Others argued for an even more user-friendly definition, though one that potentially reduces discussion on the matter.
“We already have a metaverse. It’s called the internet,” MetaVRse co-founder Alan Smithson said in the “Burning Questions” Panel. “What we’re doing now is creating more visual ways of interacting with it.”
No matter how you define the metaverse or the role that you think it plays, Google AR Partnership’s Global Head of Creative, Matthieu Lorrain, said that it was contributing to a period of “post-reality.”
“The radical transformation of our perceived reality will be the most significant cultural change in our lifetime,” Lorrain said in his talk “Welcome to Post-Reality.”
The “Convergence” of Emerging Technologies
The VR/AR Global Summit’s more robust conversations on the metaverse also tended to involve “the convergence” of XR with other emerging technologies, usually blockchain.
“With blockchain, you can claim the ownership of not just digital items, but digital land,” said Wang, who also commented on the ability of blockchain and edge computing to allow decentralized management of vast amounts of spatial data. “With the popularity of the creator economy, there are more and more players being incentivized to become creators.”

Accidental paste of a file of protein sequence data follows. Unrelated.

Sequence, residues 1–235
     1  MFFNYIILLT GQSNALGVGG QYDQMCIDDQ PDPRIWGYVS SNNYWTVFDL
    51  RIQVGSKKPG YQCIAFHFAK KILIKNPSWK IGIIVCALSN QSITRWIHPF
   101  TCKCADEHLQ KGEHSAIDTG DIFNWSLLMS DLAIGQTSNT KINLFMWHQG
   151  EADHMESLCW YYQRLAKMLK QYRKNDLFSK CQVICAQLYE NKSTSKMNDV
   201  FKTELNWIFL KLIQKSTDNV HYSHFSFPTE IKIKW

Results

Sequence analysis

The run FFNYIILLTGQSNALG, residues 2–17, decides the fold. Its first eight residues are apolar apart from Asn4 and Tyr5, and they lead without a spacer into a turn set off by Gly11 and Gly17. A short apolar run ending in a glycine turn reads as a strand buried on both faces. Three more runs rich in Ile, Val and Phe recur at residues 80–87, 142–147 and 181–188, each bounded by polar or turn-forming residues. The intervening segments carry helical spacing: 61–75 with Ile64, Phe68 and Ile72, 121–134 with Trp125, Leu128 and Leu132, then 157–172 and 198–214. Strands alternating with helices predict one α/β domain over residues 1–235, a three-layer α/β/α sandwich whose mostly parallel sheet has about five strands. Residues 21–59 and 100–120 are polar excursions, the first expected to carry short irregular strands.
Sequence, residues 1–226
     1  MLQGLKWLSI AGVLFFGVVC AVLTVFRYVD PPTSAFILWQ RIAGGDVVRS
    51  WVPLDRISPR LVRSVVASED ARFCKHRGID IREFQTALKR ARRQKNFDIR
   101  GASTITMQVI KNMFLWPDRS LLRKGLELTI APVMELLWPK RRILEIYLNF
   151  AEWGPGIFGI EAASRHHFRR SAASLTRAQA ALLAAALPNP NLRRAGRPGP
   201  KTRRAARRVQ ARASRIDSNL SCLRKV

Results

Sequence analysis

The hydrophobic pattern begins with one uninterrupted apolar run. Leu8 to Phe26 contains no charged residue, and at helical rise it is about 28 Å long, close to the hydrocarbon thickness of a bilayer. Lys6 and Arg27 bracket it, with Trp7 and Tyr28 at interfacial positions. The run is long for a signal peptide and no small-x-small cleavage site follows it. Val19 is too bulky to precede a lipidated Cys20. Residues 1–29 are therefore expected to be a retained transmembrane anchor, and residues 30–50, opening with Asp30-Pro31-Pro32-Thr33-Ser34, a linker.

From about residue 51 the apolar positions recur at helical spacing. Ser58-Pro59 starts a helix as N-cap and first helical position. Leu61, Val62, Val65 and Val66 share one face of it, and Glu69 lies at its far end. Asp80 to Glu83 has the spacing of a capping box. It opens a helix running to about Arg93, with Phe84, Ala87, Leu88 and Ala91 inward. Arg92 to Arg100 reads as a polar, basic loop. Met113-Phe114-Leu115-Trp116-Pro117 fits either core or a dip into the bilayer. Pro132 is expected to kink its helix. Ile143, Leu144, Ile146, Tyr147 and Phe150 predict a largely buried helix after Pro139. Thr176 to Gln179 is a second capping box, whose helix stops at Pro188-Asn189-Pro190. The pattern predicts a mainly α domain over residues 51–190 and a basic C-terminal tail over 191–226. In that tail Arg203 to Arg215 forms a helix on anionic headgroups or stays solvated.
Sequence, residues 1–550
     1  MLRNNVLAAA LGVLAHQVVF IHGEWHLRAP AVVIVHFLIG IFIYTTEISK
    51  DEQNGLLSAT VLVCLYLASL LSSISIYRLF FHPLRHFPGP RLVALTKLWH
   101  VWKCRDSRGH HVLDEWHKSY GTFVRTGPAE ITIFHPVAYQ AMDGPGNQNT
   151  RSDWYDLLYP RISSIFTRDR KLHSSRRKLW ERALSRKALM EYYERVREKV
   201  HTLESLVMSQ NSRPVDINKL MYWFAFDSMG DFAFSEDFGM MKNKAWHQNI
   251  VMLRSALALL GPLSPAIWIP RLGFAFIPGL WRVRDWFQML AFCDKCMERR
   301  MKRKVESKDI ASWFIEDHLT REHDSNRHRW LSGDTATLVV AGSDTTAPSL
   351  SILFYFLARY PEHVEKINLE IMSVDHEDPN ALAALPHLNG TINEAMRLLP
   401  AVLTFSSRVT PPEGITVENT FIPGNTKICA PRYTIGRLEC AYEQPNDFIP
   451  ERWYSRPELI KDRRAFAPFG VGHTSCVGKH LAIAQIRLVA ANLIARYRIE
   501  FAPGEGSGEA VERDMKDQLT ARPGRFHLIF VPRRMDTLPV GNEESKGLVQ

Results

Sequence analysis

The idea of creators creating the metaverse themselves through blockchain-enabled peer-to-peer transactions inspired many speakers, though some admitted that we haven’t pinned this down yet.
“It’s kind of the Wild West right now, but what we’ll see is the development of a new parallel economy,” industry expert Amy Peck said during the “Burning Questions” panel. “It’s really a peer-to-peer economy and we’re seeing it already with digital goods and NFTs.”
In the same panel, futurist Anne Ahola Ward commented on NFTs potentially being a way for people to establish and secure entire virtual identities.
Announcements and Introductions
One of the big draws to the Global Summit are the industry announcements and introductions, of which there were plenty this year.
Involve XR from Lumeto